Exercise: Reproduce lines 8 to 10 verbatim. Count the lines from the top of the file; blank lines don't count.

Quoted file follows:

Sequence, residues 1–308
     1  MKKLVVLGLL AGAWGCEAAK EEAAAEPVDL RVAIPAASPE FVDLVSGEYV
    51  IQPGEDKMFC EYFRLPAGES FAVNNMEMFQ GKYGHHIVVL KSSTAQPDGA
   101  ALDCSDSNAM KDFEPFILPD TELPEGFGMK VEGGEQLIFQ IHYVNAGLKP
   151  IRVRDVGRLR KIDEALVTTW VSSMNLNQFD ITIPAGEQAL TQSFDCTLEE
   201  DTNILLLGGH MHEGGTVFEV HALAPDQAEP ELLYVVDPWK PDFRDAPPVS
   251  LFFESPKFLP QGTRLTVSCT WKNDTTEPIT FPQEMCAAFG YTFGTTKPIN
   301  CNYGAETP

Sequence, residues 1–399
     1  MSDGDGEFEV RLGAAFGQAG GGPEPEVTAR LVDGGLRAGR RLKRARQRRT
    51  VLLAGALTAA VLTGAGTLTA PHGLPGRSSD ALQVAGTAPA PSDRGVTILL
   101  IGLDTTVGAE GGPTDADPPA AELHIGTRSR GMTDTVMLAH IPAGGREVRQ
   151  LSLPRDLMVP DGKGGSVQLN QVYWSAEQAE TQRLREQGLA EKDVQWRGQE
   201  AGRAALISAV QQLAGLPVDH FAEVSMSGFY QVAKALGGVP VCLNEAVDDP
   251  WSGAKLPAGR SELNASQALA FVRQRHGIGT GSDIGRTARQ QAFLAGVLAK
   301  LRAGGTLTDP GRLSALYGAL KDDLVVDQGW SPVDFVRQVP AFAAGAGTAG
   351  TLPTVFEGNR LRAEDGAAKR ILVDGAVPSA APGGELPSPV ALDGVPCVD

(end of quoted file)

   301  CNYGAETP

Sequence, residues 1–399
     1  MSDGDGEFEV RLGAAFGQAG GGPEPEVTAR LVDGGLRAGR RLKRARQRRT